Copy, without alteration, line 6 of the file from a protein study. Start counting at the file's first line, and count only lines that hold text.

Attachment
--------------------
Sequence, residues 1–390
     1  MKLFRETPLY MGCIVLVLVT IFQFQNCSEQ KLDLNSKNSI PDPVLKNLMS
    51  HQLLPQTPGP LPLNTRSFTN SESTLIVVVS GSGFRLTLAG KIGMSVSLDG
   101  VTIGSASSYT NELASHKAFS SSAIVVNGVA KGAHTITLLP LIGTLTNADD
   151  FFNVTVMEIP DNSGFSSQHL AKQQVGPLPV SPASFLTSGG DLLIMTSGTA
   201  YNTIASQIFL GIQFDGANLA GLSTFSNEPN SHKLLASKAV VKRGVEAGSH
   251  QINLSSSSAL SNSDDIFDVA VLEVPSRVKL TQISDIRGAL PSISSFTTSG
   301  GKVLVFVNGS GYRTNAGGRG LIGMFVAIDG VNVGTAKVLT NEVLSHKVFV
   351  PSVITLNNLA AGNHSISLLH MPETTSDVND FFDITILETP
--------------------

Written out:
   201  YNTIASQIFL GIQFDGANLA GLSTFSNEPN SHKLLASKAV VKRGVEAGSH